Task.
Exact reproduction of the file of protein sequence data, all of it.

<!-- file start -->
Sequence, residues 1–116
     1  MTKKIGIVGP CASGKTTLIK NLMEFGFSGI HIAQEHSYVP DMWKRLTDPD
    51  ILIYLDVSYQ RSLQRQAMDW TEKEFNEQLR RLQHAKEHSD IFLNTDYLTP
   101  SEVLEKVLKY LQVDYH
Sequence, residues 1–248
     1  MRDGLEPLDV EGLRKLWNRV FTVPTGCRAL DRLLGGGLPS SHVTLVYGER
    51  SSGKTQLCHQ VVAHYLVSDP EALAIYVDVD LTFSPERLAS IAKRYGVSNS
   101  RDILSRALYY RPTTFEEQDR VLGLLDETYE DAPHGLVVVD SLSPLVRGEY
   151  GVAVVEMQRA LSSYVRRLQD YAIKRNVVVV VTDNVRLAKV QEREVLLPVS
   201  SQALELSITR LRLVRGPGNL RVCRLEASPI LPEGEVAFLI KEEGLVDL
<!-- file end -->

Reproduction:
Sequence, residues 1–116
     1  MTKKIGIVGP CASGKTTLIK NLMEFGFSGI HIAQEHSYVP DMWKRLTDPD
    51  ILIYLDVSYQ RSLQRQAMDW TEKEFNEQLR RLQHAKEHSD IFLNTDYLTP
   101  SEVLEKVLKY LQVDYH
Sequence, residues 1–248
     1  MRDGLEPLDV EGLRKLWNRV FTVPTGCRAL DRLLGGGLPS SHVTLVYGER
    51  SSGKTQLCHQ VVAHYLVSDP EALAIYVDVD LTFSPERLAS IAKRYGVSNS
   101  RDILSRALYY RPTTFEEQDR VLGLLDETYE DAPHGLVVVD SLSPLVRGEY
   151  GVAVVEMQRA LSSYVRRLQD YAIKRNVVVV VTDNVRLAKV QEREVLLPVS
   201  SQALELSITR LRLVRGPGNL RVCRLEASPI LPEGEVAFLI KEEGLVDL